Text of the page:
Hermes frowned and held out the pair of winged sandals. “You just have to deliver these. In and out.”

“What about them?” she asked, pointing to the five others surrounding the hero. She heard the crack of bronze on bronze and watched as the hero dodged and cut. One of the five fell in a howl of pain that echoed up the mountain.

“The message only mentioned the hero,” Hermes said. He paused and read it a second time. “Just the sandals, it says. The fight’s up to him.” Hermes turned to her, sternly adding, “You can’t help him in the fight, Achelois. If he dies, he dies. It’ll tick off Zeus if you do anything besides give him the sandals.”

She looked again at the lava, felt a pang of fear. “Why don’t we wait and see if he survives the fight? Then I’ll bring him the sandals.”

Hermes sighed and pinched the bridge of his nose. “I hate adolescent gods,” he mumbled.

She snatched the sandals from him. “Fine.”

And with that, she leaped angrily from her perch. Her thin robe caught in the wind, flapping around her like wings on her outstretched arms. She’d never tried flying from this high up—or over lava—and a quick gust pushed her dangerously close to the molten rock. Heat waves wafted at her sandals, and she gave a panicked flap of her arms. Her robe fluttered in the wind, she dipped, one of her feet nearly touching the blazing surface of the cherry-red river. She bobbed back up, flapping like a desperate baby bird, then tumbled to the ground mere feet from the flowing lava.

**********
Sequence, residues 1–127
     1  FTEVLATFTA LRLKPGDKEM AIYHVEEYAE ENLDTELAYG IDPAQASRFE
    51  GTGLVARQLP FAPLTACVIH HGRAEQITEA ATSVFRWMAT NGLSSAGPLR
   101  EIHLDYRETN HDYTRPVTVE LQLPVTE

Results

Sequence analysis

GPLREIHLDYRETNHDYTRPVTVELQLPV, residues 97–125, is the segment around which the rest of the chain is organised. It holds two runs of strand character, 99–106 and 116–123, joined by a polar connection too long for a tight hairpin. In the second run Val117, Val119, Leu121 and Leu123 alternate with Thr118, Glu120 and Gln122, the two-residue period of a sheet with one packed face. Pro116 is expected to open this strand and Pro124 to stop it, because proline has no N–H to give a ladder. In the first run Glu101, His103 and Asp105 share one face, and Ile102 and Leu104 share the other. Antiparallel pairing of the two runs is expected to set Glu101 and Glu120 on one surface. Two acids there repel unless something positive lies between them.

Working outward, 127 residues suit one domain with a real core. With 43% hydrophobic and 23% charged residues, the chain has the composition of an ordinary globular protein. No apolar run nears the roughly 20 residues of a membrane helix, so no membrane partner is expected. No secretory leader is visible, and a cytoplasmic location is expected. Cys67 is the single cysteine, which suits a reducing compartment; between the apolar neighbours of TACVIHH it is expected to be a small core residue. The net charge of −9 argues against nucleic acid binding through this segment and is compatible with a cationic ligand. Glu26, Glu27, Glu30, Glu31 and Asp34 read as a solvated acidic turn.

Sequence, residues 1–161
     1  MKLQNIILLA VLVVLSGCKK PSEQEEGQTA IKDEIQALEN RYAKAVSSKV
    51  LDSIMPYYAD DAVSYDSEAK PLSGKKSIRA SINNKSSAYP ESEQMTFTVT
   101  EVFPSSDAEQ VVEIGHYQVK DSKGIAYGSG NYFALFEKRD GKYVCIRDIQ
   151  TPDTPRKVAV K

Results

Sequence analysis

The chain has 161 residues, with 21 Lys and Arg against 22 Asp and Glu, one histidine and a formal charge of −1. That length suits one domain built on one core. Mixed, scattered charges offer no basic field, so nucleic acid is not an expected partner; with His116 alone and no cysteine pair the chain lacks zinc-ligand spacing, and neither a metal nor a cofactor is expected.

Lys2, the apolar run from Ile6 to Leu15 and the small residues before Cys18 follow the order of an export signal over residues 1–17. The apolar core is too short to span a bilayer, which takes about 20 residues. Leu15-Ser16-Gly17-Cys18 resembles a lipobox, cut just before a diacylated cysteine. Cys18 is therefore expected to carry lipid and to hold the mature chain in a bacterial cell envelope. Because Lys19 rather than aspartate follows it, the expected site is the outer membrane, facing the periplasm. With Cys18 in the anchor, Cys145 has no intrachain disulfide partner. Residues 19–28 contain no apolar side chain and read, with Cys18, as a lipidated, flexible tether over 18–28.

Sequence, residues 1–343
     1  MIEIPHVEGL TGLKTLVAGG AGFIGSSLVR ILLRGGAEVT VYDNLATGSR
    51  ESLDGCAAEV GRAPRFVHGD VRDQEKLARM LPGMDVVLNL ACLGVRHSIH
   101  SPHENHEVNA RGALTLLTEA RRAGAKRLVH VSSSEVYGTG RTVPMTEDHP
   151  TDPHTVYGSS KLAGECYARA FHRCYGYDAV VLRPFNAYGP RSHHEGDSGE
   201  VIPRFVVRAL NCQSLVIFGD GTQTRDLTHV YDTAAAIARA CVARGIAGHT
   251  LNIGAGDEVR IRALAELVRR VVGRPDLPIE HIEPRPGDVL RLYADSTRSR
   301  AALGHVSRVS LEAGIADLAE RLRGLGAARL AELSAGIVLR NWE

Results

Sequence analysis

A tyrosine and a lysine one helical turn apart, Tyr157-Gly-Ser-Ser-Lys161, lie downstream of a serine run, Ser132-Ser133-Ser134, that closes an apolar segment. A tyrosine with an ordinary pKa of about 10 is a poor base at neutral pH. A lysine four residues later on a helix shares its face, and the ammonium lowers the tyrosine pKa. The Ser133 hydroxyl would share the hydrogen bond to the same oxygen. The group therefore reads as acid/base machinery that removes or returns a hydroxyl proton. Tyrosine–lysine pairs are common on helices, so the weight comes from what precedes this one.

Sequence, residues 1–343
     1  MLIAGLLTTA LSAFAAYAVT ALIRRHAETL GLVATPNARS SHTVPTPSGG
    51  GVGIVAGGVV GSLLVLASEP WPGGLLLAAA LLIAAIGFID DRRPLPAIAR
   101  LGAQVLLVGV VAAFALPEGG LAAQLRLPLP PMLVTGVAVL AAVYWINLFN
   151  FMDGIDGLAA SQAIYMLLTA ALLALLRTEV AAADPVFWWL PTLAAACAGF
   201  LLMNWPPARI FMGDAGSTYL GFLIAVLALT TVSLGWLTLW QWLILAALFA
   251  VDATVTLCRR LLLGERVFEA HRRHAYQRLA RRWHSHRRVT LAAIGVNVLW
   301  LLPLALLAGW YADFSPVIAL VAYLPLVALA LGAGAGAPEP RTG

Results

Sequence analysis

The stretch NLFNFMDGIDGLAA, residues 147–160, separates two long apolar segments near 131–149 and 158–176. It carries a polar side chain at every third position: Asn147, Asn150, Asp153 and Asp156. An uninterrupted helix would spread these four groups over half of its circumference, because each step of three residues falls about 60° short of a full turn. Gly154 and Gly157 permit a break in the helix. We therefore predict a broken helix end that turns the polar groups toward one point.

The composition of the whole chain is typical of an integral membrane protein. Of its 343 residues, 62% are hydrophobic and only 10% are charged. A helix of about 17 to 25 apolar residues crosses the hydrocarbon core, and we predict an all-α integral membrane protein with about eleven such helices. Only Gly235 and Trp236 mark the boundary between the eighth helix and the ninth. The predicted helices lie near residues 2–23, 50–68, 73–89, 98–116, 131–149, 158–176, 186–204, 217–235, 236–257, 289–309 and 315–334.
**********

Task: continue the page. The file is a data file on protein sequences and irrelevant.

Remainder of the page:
“That was a bad idea,” she muttered, looking back up to find Hermes already gone.

At least he didn't see.

She dusted off, then scanned the mountain again for the hero. He fought now only a dozen feet away, just over the river of lava. Though the hero had lost his shield, only one of the others was still alive; three were on the ground, and she thought she saw the tip of a spear sticking up from the lava where perhaps one of them had went.

Ouch.